Streaming Data from S3 in a Reliable Way
This article is co-authored with Hardik Shah.
When we redesigned our querying and data storage architecture in Arc, some of the data was stored and read directly from Amazon S3 from millions of objects (yes, millions really!). This was a consequence of us building a novel columnar file storage structure inspired by Apache ORC, RCFile, and some other formats.
An in-depth look at this structure will be published in a later article.
From our preliminary testing work, we learned:
Object Sizing is Important
When storing millions of objects in S3, make sure to size every object around 128 MB minimum or so. Through our repeated benchmarks, we’ve observed a static latency of ~100 milliseconds. Storing data in smaller objects is detrimental to performance as it increases the latency required to retrieve data.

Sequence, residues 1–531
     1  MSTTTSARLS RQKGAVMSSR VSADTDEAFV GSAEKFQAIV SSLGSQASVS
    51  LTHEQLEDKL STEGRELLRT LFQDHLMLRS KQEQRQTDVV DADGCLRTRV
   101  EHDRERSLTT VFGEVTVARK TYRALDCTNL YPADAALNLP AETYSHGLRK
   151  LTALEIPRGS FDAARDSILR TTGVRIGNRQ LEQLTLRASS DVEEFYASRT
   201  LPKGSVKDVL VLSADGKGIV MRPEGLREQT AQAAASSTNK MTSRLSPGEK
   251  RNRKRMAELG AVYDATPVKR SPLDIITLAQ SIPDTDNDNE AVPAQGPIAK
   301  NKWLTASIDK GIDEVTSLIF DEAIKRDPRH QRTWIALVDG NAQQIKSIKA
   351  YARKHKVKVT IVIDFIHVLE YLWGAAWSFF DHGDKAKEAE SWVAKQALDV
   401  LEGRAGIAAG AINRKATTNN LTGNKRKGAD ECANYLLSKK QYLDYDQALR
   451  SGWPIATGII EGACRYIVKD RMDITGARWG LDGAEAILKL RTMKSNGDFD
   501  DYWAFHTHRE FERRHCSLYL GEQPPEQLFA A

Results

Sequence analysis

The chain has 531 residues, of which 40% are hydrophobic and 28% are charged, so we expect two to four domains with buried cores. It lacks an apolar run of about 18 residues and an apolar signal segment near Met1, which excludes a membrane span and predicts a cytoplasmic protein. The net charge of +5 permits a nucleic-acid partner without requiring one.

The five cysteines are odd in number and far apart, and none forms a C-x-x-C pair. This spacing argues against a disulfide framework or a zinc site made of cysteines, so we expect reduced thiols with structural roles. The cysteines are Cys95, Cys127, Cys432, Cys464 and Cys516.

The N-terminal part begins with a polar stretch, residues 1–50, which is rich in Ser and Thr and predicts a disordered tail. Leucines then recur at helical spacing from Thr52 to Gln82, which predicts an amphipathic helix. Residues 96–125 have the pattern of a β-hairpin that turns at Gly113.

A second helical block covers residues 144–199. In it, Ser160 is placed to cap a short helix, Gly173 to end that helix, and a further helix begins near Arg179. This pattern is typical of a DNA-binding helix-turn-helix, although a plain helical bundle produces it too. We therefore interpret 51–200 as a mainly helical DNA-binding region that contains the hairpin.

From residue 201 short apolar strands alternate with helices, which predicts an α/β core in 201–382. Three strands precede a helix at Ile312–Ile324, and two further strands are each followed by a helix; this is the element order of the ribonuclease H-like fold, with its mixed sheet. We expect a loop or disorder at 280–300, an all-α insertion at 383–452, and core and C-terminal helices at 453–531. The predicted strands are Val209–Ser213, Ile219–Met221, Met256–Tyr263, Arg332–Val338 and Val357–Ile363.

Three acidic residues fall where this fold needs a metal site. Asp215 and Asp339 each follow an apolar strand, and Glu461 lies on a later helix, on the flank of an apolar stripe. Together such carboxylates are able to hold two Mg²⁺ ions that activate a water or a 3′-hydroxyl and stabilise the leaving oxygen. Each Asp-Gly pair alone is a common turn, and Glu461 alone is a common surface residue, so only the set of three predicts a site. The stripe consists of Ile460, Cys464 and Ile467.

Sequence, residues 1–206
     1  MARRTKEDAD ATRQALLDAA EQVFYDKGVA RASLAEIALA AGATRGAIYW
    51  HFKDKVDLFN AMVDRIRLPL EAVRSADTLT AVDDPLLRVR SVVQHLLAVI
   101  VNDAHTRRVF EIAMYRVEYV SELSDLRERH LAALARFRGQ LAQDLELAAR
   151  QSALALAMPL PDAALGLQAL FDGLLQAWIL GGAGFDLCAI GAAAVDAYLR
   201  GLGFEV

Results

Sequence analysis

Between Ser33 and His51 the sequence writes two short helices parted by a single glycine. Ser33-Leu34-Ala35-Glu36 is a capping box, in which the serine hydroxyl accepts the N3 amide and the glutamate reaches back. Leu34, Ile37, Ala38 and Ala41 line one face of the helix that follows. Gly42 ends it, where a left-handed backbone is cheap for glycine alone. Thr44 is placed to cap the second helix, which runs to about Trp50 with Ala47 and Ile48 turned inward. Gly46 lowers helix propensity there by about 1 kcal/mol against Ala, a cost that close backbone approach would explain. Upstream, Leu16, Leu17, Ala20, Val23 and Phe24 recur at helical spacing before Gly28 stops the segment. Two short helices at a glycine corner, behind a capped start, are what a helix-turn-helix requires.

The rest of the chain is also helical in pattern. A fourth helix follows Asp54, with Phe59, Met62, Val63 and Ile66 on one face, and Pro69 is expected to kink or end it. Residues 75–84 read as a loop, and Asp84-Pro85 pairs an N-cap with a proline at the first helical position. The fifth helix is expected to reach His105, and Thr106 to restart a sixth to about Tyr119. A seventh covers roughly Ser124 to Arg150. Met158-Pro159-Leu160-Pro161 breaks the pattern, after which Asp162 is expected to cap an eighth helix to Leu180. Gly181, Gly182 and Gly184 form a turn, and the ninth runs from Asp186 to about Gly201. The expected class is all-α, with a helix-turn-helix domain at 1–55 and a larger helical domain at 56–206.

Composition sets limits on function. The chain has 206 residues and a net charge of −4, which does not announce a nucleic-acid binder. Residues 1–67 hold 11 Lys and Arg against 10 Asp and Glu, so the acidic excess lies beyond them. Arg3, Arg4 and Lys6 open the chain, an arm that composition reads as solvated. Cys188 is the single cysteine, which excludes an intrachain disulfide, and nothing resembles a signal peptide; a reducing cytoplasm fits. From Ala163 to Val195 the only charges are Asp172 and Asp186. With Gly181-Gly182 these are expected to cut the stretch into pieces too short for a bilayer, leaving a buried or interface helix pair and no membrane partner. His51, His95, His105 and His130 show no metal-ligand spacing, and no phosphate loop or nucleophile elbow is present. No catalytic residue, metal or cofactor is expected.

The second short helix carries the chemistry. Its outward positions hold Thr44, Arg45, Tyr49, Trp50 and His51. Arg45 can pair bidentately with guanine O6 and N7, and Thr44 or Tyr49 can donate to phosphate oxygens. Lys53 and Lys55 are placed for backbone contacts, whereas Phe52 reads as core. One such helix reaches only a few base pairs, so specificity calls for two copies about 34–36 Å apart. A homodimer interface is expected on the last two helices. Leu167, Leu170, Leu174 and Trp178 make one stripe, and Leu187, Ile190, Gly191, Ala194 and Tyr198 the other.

Cache Key Listings Aggressively
Our storage structure allows us to discover data at runtime without the need to have a service which stores massive amounts of metadata (aka a single point of failure). To achieve this, we use the object listing API extensively. We learned that this is actually an expensive operation for S3. A single request can consume anywhere from 10 seconds to 60 seconds. To address this, we started caching object listing responses aggressively on disk and in memory.
Read S3 Streams Asynchronously
Our objects are read using byte-range requests and placed into a lazy and buffered SequenceInputStream. Everything worked well in isolation until we went to production where millions of streams are opened and closed from hundreds of clusters.
Tip: Use a PrivateLink to S3 from your subnet to avoid skyrocketing NAT gateway costs and to optimize for network bandwidth.
On occasion, S3AbortableInputStream would spew a whole bunch of connection reset exceptions. Given our deep abstraction of how data is processed, we came up with a nifty trick to resume exactly from where a stream was broken as shown below:
These were some of the key takeaways from transitioning part of our workload to Amazon S3. Some of the other tricks we’ve used to tune the Amazon S3 client are also a part of the standard S3 tuning documentation provided from AWS, so we won’t be covering those here.